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- Treating people with respect and dignity
- Being consistent and fair
- Keeping promises
- Being open and honest
- Doing what they say they will do
Those who fail to earn trust can expect trouble ahead.
“If a leader hasn’t done a good job of building trust, other people aren’t going to stick with them through the hard times,” says Denise Holmes, founder of Edge Leadership Consulting in Portland, Ore. “And people will misinterpret their actions and what they say, because when we have low trust, a lot of times we’ll assume more of a negative intention behind someone’s actions or words.”
Leaders who do a good job of communicating before a crisis will find it easier to keep the conversations going during one, says Larry Smith, senior consultant at the Institute for Crisis Management, a crisis communications consultancy in Louisville, Ky.
“If you don’t have much of a communicating relationship with key employees, when something goes wrong, they’re going to trust you even less because they’re not used to you talking to them,” he says.
But keeping an open dialogue with employees is imperative when the business has suffered a wound.
“Under-communicating is one of the biggest mistakes leaders make,” says Michael Roberto, a professor of management at Bryant University in Smithfield, R.I. “If you think you’ve communicated enough, triple how much you communicate, because it’s never enough. People are dying to know more, and if you don’t [communicate], they will fill the void with rumor.”
Micromanaging in a crisis can make the situation worse.
“That can really crush people,” Roberto says. “Yes, you need to get back into the details in a crisis, but you don’t want to do it so severely or so permanently that you drive away some really good people,” he says.
After all, you’ll likely need their help, especially from those with dissenting views.
“Make sure you have some people around you who are thinking differently and offering different options and ideas,” Roberto says. “As a leader you have to cultivate that.”
After the tornado, Motazedi relied on the opinions not only of his talented team, but also of two CEOs of non-local IT firms.
“As a leader you have to understand whenever you’re starting to get out of your element,” Motazedi says. “I said, ‘I need someone who is not involved in this to assist me to make sure I’m making clear decisions.’”
4. Be Decisive
You may not make all the right decisions during a crisis, but you will have to make choices with the best information you have at the time, Papes says.
“Some people like to be 100 percent positive ‘this is the right thing to do’ and they wait too long,” he says. “You can be decisive even though you’re not absolutely sure.”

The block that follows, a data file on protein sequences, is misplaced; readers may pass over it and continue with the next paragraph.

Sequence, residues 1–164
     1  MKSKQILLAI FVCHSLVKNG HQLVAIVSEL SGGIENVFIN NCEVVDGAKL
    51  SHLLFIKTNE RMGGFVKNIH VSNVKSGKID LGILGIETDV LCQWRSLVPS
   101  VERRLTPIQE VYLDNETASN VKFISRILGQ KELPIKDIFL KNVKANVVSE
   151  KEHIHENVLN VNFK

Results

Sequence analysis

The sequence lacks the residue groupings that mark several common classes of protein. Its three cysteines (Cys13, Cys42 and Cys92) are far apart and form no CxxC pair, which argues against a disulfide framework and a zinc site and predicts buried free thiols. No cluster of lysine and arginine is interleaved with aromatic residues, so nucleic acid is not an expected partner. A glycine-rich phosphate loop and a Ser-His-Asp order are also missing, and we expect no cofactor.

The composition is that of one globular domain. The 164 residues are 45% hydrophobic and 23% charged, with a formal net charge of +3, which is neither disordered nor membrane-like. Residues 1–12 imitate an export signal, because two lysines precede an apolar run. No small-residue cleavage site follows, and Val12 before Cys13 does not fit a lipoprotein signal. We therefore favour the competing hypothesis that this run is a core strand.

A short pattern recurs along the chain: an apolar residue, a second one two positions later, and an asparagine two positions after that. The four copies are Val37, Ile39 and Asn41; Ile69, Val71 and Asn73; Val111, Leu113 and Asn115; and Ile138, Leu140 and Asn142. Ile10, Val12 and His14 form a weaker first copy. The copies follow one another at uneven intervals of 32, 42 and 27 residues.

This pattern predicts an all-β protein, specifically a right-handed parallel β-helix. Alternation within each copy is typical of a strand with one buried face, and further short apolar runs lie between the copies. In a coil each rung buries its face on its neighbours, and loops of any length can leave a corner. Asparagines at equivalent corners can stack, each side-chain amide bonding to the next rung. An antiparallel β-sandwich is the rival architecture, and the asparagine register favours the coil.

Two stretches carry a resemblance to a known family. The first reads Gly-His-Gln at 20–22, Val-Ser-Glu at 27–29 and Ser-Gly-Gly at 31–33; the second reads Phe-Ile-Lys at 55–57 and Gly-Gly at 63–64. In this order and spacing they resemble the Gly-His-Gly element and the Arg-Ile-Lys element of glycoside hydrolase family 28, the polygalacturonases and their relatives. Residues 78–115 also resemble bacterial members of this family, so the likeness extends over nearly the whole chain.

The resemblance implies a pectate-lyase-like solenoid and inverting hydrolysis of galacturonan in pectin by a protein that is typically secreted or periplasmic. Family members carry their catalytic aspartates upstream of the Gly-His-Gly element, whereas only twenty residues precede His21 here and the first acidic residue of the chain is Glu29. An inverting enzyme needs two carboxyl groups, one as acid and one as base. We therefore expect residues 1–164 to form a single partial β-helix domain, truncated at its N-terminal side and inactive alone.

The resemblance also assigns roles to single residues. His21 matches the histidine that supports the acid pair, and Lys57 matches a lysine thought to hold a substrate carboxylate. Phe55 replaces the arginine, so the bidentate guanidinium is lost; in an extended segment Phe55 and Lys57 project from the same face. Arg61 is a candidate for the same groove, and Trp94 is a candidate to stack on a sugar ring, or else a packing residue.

5. Channel Optimism
“Everybody’s focus at the water cooler is going to be about what went wrong,” Roberto says. “The leader’s job is in part to say, ‘Look, here’s what we’re doing right, and let’s make sure we execute that 100 percent.’”
It will also be important to get people thinking about what they’ve learned from the experience, what they should do differently, and about some small things they can accomplish to bring back some positive momentum, he says.
6. Be Courageous
Leadership means having the courage to do the right things for the business, Papes says. Sometimes, that means letting people go, which can be especially painful and difficult in tight-knit companies.
“So many small-business owners avoid laying people off due to personal relationships,” he says. “By not cutting unnecessary costs, an owner puts the employment of the entire organization at risk.”
7. Know Yourself
Motazedi has tons of experience helping clients with disaster recovery, and his comfort handling their crashed servers or other misfortunes was useful when the company faced its own calamity.
But the CEO also puts himself in fearful situations—like scuba diving in caves—that help him understand what happens to him when he starts experiencing stress. Not surprisingly, Motazedi has acquired more knowledge since the twister.
“What I learned about myself is this is about as bad as it gets,” he says, “and you can actually lead through this and you have people who respect you.”
Dallas-based freelance writer Mindy Charski has interviewed a number of great leaders throughout her career.
The NASE Can Help
The NASE Business Strategy Experts are ready to help you meet the challenges of running a micro-business—even in times of an emergency.
These professional, experienced small-business consultants can answer your questions about:
- Learning to lead in your business, your industry and your community
- Steps you should take to prepare your business for a crisis
- How to communicate more clearly and effectively
- Becoming a better boss for your employees
- Ways to build trust with your workers, your colleagues and your customers
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